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For the Harvard women’s lacrosse team, this weekend’s matchup with Princeton is of the utmost importance.
“This is probably the biggest game of our season,” junior attacker Jennifer VanderMeulen said. “It’s definitely going to be huge.”
The fate of the Crimson (6-6, 2-2 Ivy), which hosts the Tigers (6-5, 3-1) at Harvard Stadium on Saturday afternoon, rests very heavily on the result of this game. The Crimson is currently in fifth place in the Ivy League, while Princeton sits at the number three spot. The league’s top four finishers at the end of the regular season receive a bid to the Ivy League tournament, where the winner will receive an automatic berth in the NCAA tournament.
A Crimson win over the Tigers would put the two teams in a tie for fourth place.
“We know that this is a crucial game for us to win so that we are still in the running to go to the Ivy tournament,” senior attacker Jess Halpern said. “We want to be able to get into the tournament on our own fate—we don’t want to have to wait on the [chance] of other teams losing.”
For Harvard, which entered the 2012 season ranked No. 19 in the country, a chance to play in the Ivy League tournament—and potentially the NCAAs—is something the team has looked forward to all year.
“We dropped some games in the beginning of the season to some top-ranked teams, and that wasn’t ideal,” said VanderMeulen, whose squad’s non-conference losses likely eliminated its shot at an at-large bid. “But [winning] the Ivy League is an automatic bid. So that’s just kind of the goal right now–grab that bid and go to the NCAAs.”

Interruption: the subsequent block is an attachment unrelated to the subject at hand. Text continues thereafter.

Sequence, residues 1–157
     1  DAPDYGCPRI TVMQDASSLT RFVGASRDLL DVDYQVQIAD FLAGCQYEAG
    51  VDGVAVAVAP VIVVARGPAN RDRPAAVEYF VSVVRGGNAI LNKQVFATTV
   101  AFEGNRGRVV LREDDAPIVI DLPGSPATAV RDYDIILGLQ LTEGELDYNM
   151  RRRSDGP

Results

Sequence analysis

If the Crimson were to get to the NCAA tournament, it would be its first appearance since 1994.
“To be able to get into the NCAAs would be amazing,” Halpern said. “No one on this team has ever had that opportunity, and we know Harvard lacrosse has been there in the past. In the ’80s and ’90s they made it to the NCAAs all the time, so it’s definitely a point that we want to bring the team back to.”
To get this chance Harvard will have to overcome a strong Princeton team which suffered its lone Ivy loss to fourth-place Cornell by one goal two weeks ago.
One player Harvard will have to pay attention to throughout the game is Tiger freshman Erin McMunn, last week’s Ivy League Player of the week. Against Temple on April 4, McMunn set a Princeton record for assists in a game with six in addition to scoring a goal. McMunn followed that up three days later with a goal and two assists in Princeton’s win over Yale.
The Crimson has shared two common opponents with the Tigers this season—Yale and the University of Virginia. While the Crimson’s game against Yale was a close match that resulted in a 7-5 Harvard victory, the Tigers soundly handled the Bulldogs, defeating them, 12-4. Princeton also bested the Cavaliers, 9-7, while the Crimson fell to Virginia, 12-6.
Despite the Tigers’ success, Harvard hasn’t been thinking too much about Princeton–practice this week has been all about its own game strategy.
“We’re going into practice these next few days really focused on fixing the small stuff,” said VanderMeulen, who scored two goals in the Crimson’s 10-4 win over Holy Cross on Wednesday night. “We’re kind of more focusing on ourselves and kind of preparing ourselves for this game.”
As if the postseason implications didn’t make Saturday’s matchup intense enough already, it is also a rematch of last year’s Ivy League Tournament championship game. In the 2011 tournament, the Crimson lost to the Tigers, 12-10, after leading by a goal with just over 10 minutes to play.
“Losing in the final game of the tournament is no fun,” VanderMeulen said. “We don’t want that same feeling, and we’ve been working hard to get that game back, and I think Saturday will be a great opportunity to get us a little bit of redemption.”
Halpern echoed her teammate’s sentiments.
“[Losing last year] is just another thing to give us ammunition for this game,” she said.
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